Synthetic cannabis has been much in the public spotlight recently, as increasingly disturbing stories about its negative effects have been related by health professionals, police, parents and users themselves.
This newspaper has reported that users of such products have experienced a range of symptoms including continuous vomiting, seizures and hallucinations, have become paranoid, volatile and violent, and have described feeling like they were dead or possessed by demons.
It seems the substances contained in the products can be highly addictive, and even users experiencing such unpleasant effects struggle to give them up. Emergency departments and mental health services have reported an increase in patients with synthetic cannabis-related issues, and police are seeing more crime related to the products. And it seems youngsters are effectively the guinea pigs for the relatively new, untested and often unidentifiable substances which are many times stronger than regular cannabis.
It is therefore a relief the Psychoactive Substances Bill is set to become law within a matter of months, making all psychoactive substances illegal, and requiring manufacturers to prove their products are low-risk for them to be sold, and putting substantial restrictions on their sale and advertising. It will certainly be one legacy of which now-disgraced United Future leader Peter Dunne can be proud.
But for all the rightful concern, it is worth remembering the substance causing far more harm in this country is alcohol. Dunedin Hospital emergency department doctor Ohad Dar told delegates at a synthetic cannabis symposium in Dunedin this week that despite the ''clinical burden'' synthetic cannabis placed on the department, alcohol abuse was a bigger load. Those burdens were highlighted in the Law Commission's 2010 report, ''Alcohol in Our Lives: Curbing the Harm'', and include crime, injury, long-term physical and mental health issues, and social disfunction. Alcohol-related harm is estimated to cost taxpayers $1.2 billion annually. The report stated New Zealanders spend an estimated $85 million each week on alcohol, and said national surveys showed about 25% of drinkers - about 700,000 people - typically consumed large quantities when they drank. The report stated: ''It is hard to think of any other lawful product available in our society that contributes so much to so many social ills.''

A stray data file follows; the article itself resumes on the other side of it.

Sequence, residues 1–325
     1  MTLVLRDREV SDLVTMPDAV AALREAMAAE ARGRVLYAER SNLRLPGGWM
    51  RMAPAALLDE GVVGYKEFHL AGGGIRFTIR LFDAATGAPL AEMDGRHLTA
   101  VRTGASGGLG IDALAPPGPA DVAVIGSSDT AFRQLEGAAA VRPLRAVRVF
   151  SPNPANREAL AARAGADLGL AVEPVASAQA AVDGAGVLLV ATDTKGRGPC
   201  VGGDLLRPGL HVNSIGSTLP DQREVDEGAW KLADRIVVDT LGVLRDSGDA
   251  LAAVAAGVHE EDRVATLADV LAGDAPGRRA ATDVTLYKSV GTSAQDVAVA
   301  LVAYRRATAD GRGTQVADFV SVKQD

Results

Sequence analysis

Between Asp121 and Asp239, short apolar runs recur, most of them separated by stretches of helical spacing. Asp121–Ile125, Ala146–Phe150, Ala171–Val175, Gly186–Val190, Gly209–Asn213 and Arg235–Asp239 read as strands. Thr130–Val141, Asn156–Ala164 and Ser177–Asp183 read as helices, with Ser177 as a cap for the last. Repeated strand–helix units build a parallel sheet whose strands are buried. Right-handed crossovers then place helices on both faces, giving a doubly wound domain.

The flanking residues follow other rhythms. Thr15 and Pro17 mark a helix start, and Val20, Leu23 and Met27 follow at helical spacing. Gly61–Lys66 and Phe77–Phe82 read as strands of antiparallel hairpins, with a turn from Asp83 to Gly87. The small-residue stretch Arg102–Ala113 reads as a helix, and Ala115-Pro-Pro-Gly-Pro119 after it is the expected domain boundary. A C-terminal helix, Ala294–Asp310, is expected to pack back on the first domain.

Given the weight of that burden, it is positive to see the second tranche of the major new alcohol legislation come into force this week. The legislation was the Government's response to the Law Commission's report and comprises three Acts - the Sale and Supply of Alcohol Act, the Local Government (Alcohol Reform) Amendment Act and the Summary Offences (Alcohol Reform) Amendment Act. The first changes took effect last December
and the final ones will come into effect this December. The changes were staggered over 12 months in part to give territorial authorities, licensing bodies and licensees time to prepare for them.
They aim to reduce excessive drinking and alcohol-related harm, support the safe and responsible sale, supply and consumption of alcohol, and improve community input into alcohol licensing decisions. They mean communities can have a say on the trading hours and location of licensed premises, licences will be harder to get and easier to lose, there will be stronger rules about the types of stores eligible to sell alcohol and the display of alcohol in supermarkets and grocery stores, consent must be obtained from parents or guardians before alcohol can be supplied to minors, and there will be stronger controls on alcohol advertising and promotion - particularly that which appeals to minors.
The significant changes from this week relate particularly to the licensing criteria for new and renewal applications, including consideration of the design and layout of premises, amenity and good order, current and possible future noise levels, the density and compatibility of premises, and special licences. The impact of the new rules has been feared by owners of licensed premises, but there have also been claims the new laws have not gone nearly far enough in terms of adopting the Law Commission's 153 recommendations. What is certain is that among those hoping the changes have the desired effect of reducing alcohol related harm will be police and health professionals, who deal with the bulk of the fallout from this country's battle with the booze.